Increased WBC Blood Count in Cats

by Betty Lewis, Demand Media
    "My eosinophil level is elevated? Hmmm... must be that roundworm that's been visiting."

    "My eosinophil level is elevated? Hmmm... must be that roundworm that's been visiting."

    The white blood cell count (WBC) is a valuable diagnostic tool. Along with other tests, medical history and symptoms, it reveals a lot about the state of a cat's health. If Muffin's older or feeling punky, chances are her vet will use this indicator to help gauge her health.

    WBC: Part of the CBC

    The complete blood test, commonly known as the CBC, is used to help diagnose disease or pinpoint injury, as well as give a good overview of the state of Muffin's health. A cat doesn't have to be sick or old to have a CBC -- some vets include them as part of wellness exams so they can get a history of "normal" levels for a cat. The results can be compared over time to gauge how a cat's health is progressing. Chronically ill or senior cats may have blood tests conducted more frequently to monitor health. The CBC measures a variety of things, including white blood cell count (WBC), red blood cell count (RBC), platelets (PLT), hematocrit (HCT) and hemoglobin (Hgb). A chemistry profile is often conducted at the same time. The results of both tests are used to provide a good overview of Muffin's health.

    WBC Ranges

    When your vet conducts a CBC the cells are counted and viewed on a blood smear, which is helpful for viewing certain conditions such as parasites or cancer. White blood cells are measured as thousands per cubic milliliter (K/uL). The normal range in a cat is between 5.5 and 19.5, meaning under normal conditions Muffin should have between 5,500 and 19,500 white blood cells per cubic milliliter of blood. Low WBCs can indicate viral infections, bone marrow issues or poisoning; in these cases, the white blood cells are concentrated in the affected area and not circulating in the blood. Elevated WBCs occur when an area of the body is inflamed and the blood cells are responding in reaction; they can indicate infection, inflammation and some types of cancer.

    The Differential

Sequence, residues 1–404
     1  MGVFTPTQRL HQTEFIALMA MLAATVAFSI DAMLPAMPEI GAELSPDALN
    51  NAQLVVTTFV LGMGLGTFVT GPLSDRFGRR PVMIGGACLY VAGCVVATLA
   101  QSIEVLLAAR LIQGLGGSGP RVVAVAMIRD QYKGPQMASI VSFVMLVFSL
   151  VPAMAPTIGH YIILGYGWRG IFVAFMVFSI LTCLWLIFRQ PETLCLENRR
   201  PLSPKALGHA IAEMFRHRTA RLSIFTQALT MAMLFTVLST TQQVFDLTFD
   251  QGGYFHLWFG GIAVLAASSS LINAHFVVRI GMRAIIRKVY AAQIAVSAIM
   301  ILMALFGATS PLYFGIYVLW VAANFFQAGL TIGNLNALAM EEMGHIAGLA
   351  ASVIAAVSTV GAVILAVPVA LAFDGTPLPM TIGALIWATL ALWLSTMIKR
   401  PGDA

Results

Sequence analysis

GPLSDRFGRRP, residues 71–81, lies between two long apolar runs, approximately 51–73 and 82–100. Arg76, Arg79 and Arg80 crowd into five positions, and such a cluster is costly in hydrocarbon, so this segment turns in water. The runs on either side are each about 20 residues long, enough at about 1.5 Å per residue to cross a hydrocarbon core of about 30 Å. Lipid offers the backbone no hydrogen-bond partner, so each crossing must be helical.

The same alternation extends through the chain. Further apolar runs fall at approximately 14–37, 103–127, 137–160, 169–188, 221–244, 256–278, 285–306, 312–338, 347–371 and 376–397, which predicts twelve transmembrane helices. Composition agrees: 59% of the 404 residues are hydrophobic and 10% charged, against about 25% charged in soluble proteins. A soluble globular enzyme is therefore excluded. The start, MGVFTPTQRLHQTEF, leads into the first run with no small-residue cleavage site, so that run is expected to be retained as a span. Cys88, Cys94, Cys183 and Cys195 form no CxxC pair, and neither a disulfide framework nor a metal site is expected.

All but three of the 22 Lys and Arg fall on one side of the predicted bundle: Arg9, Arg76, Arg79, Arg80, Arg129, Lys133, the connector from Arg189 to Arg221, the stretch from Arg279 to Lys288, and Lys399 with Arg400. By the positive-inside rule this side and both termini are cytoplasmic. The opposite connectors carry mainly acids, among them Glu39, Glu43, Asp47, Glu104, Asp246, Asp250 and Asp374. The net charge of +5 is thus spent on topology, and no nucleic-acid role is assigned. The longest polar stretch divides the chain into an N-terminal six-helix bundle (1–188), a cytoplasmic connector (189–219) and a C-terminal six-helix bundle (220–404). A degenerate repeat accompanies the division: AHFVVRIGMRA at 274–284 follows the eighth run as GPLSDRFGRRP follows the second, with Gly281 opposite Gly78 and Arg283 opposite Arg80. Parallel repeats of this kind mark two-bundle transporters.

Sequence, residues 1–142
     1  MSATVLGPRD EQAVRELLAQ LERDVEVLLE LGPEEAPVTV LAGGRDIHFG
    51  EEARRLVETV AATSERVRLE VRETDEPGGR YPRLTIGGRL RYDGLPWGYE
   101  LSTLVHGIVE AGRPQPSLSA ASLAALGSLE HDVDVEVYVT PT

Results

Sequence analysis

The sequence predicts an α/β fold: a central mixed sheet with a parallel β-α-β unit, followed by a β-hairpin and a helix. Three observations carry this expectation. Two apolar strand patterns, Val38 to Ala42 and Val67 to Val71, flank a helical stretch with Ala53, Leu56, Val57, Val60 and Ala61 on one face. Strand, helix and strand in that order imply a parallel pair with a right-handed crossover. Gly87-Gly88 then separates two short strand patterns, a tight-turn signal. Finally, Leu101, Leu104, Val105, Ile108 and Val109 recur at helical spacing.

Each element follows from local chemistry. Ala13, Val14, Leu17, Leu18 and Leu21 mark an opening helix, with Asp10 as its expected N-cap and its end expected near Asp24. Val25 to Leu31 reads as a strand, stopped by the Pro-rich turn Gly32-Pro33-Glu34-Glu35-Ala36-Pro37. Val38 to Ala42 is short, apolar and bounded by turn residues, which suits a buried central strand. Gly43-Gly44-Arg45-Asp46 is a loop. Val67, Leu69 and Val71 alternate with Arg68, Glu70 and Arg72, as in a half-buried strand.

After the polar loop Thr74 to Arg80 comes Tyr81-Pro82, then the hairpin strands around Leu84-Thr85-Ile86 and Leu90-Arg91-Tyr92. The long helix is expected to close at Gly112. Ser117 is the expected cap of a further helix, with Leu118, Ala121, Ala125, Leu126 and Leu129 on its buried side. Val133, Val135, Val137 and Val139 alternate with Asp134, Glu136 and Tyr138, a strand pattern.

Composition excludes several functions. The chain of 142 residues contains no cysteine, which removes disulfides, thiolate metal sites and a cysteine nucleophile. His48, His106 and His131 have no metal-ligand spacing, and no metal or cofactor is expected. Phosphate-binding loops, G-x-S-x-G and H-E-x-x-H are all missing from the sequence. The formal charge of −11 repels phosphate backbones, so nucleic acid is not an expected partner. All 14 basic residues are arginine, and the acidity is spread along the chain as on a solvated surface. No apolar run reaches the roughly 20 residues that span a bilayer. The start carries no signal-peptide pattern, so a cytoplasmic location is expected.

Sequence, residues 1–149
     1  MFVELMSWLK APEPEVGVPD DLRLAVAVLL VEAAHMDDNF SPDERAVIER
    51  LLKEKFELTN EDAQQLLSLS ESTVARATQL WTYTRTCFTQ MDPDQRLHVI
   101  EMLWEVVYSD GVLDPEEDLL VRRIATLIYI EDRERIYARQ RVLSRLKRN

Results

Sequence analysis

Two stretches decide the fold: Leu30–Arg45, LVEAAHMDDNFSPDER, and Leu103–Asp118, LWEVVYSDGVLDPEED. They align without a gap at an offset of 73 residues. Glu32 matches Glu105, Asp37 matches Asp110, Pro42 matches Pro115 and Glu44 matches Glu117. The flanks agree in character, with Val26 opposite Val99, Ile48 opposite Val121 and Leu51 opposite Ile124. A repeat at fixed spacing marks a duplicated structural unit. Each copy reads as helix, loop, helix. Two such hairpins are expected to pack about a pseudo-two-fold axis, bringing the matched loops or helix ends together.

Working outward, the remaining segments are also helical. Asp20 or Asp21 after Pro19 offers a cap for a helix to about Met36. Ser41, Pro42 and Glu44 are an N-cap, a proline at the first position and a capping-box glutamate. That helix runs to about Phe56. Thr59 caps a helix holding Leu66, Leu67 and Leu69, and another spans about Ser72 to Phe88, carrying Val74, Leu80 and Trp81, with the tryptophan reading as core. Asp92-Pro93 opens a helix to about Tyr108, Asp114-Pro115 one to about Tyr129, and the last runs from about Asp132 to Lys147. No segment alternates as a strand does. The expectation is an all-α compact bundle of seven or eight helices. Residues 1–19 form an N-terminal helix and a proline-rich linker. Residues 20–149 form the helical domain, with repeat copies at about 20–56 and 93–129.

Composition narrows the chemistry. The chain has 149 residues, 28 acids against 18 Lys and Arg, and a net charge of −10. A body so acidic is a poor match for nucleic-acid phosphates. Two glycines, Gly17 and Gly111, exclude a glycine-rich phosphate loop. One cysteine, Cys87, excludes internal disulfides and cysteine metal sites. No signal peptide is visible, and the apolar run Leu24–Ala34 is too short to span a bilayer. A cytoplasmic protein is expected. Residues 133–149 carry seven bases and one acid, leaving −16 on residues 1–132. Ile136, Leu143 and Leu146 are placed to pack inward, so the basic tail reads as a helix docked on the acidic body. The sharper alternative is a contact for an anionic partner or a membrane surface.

There are five types of white blood cells: neutrophils, eosinophils, monocytes, lymphocytes and basophils, all known as the differential. The distribution of these cells can help focus on the cause of an illness. Neutrophils are the primary white blood cells that fight infection, so if Muffin's neutrophil level is high, she's likely got an infection. Since monocytes help in this battle, a high level of monocytes indicate the same condition. Lymphocytes also help fight infection as well as develop antibodies to ward off future attacks. High levels of these cells indicate infection, viral diseases and certain forms of cancer. Eosinophils are often elevated when a cat has parasites or an allergic reaction. Basophils aren't very common and tend to appear in cases of parasite infection, particularly in animals with heartworm.

    One Piece of a Puzzle

    Generally a high white blood cell count means that Muffin has an infection or virus. However, the WBC is just one piece of the diagnostic puzzle. The rest of the blood work, such as platelets and red blood cell count, must be considered. The vet will also have to account for Muffin's medical history, her symptoms and her lifestyle. If a chemistry panel was conducted, that will be included in the diagnostic process.

    About the Author

    Betty Lewis has been writing professionally since 2000, specializing in animal care and issues, business analysis and homeland security. Lewis holds a bachelor’s degree in journalism from West Virginia University as well as master’s degrees from Old Dominion University and Tulane University.

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